Fall hazards for dogs


The onset of fall and holiday preparations brings a welcome change, albeit with some precautions where our pets are concerned. Things to keep in mind for your pet’s safety this fall and holiday season:

As you reshape outdoor lawn and gardens, know that compost piles are not safe for pets. They grow toxic molds that can cause severe muscle tremors and seizures. Fallen leaves promote a cool, damp environment for fungus to grow.

Mushrooms are prevalent in the fall and some varieties contain amanitin toxins that can cause serious GI side effects. Err on the side of caution and remove all outdoor varieties within nose reach.

Chrysanthemums pose a toxic threat to pets, especially cats.  They contain pyrethrins which is the ingredient used in flea and tick prevention.  Cats are especially sensitive and if they munch on a mum could suffer from vomiting, diarrhea and possibly ataxia (abnormal gait) and incoordination. Other seasonal plants to avoid include: holly, amaryllis, mistletoe, poinsettia, Christmas and Thanksgiving cactus, American and European bittersweet, Christmas rose, Jerusalem cherry, autumn crocus, and burning bush.

Rats and mice seek shelter as the weather gets colder. Rodent poison is lethal to pets and wildlife. If not used by you, keep an eye on your neighbor’s pest control methods. Snakes are preparing to hibernate, so until they do keep a sharp eye out while walking and especially hiking with your dog.

Fleas are at a peak in the fall, until temperatures fall below 30 degrees.  Maintain flea & tick treatment to ensure your pets are protected from these pesky pests.

Nightfall is earlier allowing for cooler walks later in the day. Adding a reflective light to your dog’s collar will help maintain his visibility and carrying a flashlight will help you ferret out hidden hazards on your route.

As you prepare your Thanksgiving meal, holiday spoils you can share with your dog:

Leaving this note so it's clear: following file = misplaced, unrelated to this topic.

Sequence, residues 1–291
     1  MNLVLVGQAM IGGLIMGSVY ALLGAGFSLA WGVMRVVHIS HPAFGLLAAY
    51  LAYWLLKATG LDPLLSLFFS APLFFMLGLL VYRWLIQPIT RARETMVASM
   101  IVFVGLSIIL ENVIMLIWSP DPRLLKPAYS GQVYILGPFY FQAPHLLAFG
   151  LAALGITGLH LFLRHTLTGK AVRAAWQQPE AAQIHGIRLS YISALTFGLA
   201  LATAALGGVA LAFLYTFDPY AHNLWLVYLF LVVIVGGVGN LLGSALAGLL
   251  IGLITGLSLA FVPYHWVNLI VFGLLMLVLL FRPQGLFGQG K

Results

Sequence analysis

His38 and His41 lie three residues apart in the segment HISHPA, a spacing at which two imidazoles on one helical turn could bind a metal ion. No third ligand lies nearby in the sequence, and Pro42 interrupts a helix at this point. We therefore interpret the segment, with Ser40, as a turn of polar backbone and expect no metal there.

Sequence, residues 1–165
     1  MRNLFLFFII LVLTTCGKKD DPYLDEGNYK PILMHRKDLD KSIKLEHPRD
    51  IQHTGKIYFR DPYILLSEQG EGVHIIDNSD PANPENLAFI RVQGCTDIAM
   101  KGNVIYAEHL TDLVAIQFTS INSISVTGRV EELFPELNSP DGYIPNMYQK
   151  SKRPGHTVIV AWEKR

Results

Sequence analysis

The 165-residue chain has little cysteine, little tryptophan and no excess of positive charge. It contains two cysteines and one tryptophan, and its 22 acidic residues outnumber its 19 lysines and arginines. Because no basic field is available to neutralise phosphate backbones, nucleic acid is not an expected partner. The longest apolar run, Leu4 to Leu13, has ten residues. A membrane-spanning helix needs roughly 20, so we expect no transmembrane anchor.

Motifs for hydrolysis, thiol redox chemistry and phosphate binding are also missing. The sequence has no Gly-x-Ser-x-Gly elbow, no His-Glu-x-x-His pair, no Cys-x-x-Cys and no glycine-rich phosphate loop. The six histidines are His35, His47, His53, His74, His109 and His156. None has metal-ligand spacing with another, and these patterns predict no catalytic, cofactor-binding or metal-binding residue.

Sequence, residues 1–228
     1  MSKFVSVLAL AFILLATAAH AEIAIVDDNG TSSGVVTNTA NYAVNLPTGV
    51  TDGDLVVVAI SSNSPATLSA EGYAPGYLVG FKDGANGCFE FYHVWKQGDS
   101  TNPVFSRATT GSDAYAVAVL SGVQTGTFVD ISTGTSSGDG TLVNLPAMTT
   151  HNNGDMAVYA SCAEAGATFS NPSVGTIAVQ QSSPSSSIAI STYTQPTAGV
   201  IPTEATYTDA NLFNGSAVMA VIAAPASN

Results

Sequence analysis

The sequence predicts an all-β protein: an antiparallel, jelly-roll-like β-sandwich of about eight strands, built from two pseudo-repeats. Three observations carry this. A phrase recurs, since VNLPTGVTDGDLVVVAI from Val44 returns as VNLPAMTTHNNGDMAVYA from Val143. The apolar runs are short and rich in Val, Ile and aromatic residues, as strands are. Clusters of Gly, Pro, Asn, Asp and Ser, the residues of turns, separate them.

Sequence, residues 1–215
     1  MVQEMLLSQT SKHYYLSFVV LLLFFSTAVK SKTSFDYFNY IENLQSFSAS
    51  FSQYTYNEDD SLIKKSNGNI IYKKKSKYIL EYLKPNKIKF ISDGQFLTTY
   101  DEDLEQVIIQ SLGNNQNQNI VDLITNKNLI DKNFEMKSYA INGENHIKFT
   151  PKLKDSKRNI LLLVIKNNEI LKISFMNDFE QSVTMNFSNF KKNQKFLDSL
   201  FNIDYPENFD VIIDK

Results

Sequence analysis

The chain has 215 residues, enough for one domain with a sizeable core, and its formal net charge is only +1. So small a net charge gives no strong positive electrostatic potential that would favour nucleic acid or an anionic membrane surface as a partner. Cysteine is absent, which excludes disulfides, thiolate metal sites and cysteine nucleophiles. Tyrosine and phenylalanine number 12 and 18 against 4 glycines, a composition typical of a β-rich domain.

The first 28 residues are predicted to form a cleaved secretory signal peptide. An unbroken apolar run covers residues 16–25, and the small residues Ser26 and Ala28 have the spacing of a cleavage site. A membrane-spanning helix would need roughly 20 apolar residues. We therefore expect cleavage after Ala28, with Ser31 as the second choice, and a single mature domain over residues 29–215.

Butternut Squash: small, cooked portions can be added to their food for an added dose of fiber and minerals.

Apples: served without the seeds is a high-fiber (year-round) snack for dogs.

Unsweetened cranberries: full of antioxidants and vitamins A, B & C.

Sweet potatoes: Vitamin A, C & calcium in cooked, unseasoned sweet potatoes is a great snack to share with your dogs.

Pure Pumpkin: this is my favorite addition to a dog’s food bowl anytime of the year for the added fiber and beta carotene benefit. Pure Pumpkin will also firm up loose stools and working in the reverse, can help launch a movement if your dog is constipated.

Avoid giving your dog or cat turkey bones and only share a tiny bit of skinless turkey with them as it is high in fat.

Many veterinary clinics have limited holiday office hours.  In the absence of available Vet care, do not self-medicate your animal pals. What is safe for us can be deadly to them.  If you suspect that your pet has ingested something harmful, call the ASPCA Animal Poison Control Center.

The ASPCA Animal Poison Control Center is a unique, emergency hotline
providing 24/7 telephone assistance to pet owners. The Center’s hotline is
staffed by veterinarians and toxicologists who can quickly answer your emergency questions @ 1-888-4-ANI-HELP (1-888-426-4435).

As always, be safe and enjoy a delicious and blessed Thanksgiving.



photo attribution: Alvan Nee @ unsplash.com

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